Fine, lads, you can have him

Back when Bill Clinton was president, Time's White House correspondent, Nina Burleigh,  famously said in a 1998 interview that she was so grateful to Clinton for keeping abortion-on-demand legal that "I'd be happy to give him oral sex just to thank him..." She thought every other grateful single girl should too.

The First Lady's response, if any, is unknown.

It was not long after that that the name "Monica Lewinsky" first entered our nation's political consciousness. And that Lewinsky's last name entered our vocabulary.

Comes now Deaglan de Breadun, columnist for the Irish Times, performing in print what Burleigh offered to do in person. In a column headed "An Eloquent Reminder of the Value of Political Oratory," de Breadun has this to say about President Barack Obama, who graced the Emerald Isle with his presence for a few hours this past week:

"Many of us have had the experience of those sporting occasions where a few players are tossing around a ball at a practice session when somebody's cousin arrives from out of town and turns in a stellar performance that leaves everyone else gasping for admiration.



"So it was with US president [sic] Barack Obama...Whatever about some of his policies and decisions, this man is a class act: eloquent, intelligent and self-confident.


"Speaking at College Green in Dublin, he had the crowd and practically the entire nation in the palm of his hand. Why can't we turn out politicians like Barack Obama? This is the land of saints and scholars, after all; the land of WB Years [sic], James Joyce, JM Synge [sic] and, more recently, Edna O'Brien, Colm Toibin and Emma Donoghue."

Crimminy, as my Irish grandmother used to say.

De Breadun's invocation of the literary legacy of W.B. Yeats to justify his man-crush on Barack Obama is odd indeed.  Because, as it happens, we actually know what Yeats -- poet, playwright, politician, leader of the Irish Literary Revival, founder of the Abbey Theatre and winner in 1923 of the Nobel Prize for Literature -- thought of folks like de Breadun. In a letter to Katherine Tynan dated August 25, 1888, Yeats wrote:

"I hate all journalists. There is nothing in them but tittering, jeering emptiness. They have all made what Dante calls the Great Refusal, - that is, they have ceased to be self-centered, have given up their individuality...The shallowest people on the ridge of the earth."

You've really got to fact-check those literary references carefully, Mr. de Breadun.  Otherwise, a terrible beauty might be born.
Back when Bill Clinton was president, Time's White House correspondent, Nina Burleigh,  famously said in a 1998 interview that she was so grateful to Clinton for keeping abortion-on-demand legal that "I'd be happy to give him oral sex just to thank him..." She thought every other grateful single girl should too.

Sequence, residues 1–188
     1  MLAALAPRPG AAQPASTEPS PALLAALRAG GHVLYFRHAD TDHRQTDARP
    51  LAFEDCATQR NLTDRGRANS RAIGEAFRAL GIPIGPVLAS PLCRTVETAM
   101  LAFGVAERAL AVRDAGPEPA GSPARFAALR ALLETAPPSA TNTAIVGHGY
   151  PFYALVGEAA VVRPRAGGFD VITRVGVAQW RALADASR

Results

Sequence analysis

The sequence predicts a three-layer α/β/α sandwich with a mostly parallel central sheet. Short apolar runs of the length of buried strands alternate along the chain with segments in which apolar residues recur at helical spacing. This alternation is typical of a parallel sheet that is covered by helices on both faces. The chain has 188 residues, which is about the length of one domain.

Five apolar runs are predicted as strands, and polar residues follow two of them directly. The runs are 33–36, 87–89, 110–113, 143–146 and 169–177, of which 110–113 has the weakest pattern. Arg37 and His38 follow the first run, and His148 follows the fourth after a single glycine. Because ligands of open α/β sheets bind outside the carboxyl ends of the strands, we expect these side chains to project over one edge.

The First Lady's response, if any, is unknown.

It was not long after that that the name "Monica Lewinsky" first entered our nation's political consciousness. And that Lewinsky's last name entered our vocabulary.

Comes now Deaglan de Breadun, columnist for the Irish Times, performing in print what Burleigh offered to do in person. In a column headed "An Eloquent Reminder of the Value of Political Oratory," de Breadun has this to say about President Barack Obama, who graced the Emerald Isle with his presence for a few hours this past week:

"Many of us have had the experience of those sporting occasions where a few players are tossing around a ball at a practice session when somebody's cousin arrives from out of town and turns in a stellar performance that leaves everyone else gasping for admiration.



"So it was with US president [sic] Barack Obama...Whatever about some of his policies and decisions, this man is a class act: eloquent, intelligent and self-confident.


"Speaking at College Green in Dublin, he had the crowd and practically the entire nation in the palm of his hand. Why can't we turn out politicians like Barack Obama? This is the land of saints and scholars, after all; the land of WB Years [sic], James Joyce, JM Synge [sic] and, more recently, Edna O'Brien, Colm Toibin and Emma Donoghue."

Crimminy, as my Irish grandmother used to say.

De Breadun's invocation of the literary legacy of W.B. Yeats to justify his man-crush on Barack Obama is odd indeed.  Because, as it happens, we actually know what Yeats -- poet, playwright, politician, leader of the Irish Literary Revival, founder of the Abbey Theatre and winner in 1923 of the Nobel Prize for Literature -- thought of folks like de Breadun. In a letter to Katherine Tynan dated August 25, 1888, Yeats wrote:

"I hate all journalists. There is nothing in them but tittering, jeering emptiness. They have all made what Dante calls the Great Refusal, - that is, they have ceased to be self-centered, have given up their individuality...The shallowest people on the ridge of the earth."

You've really got to fact-check those literary references carefully, Mr. de Breadun.  Otherwise, a terrible beauty might be born.

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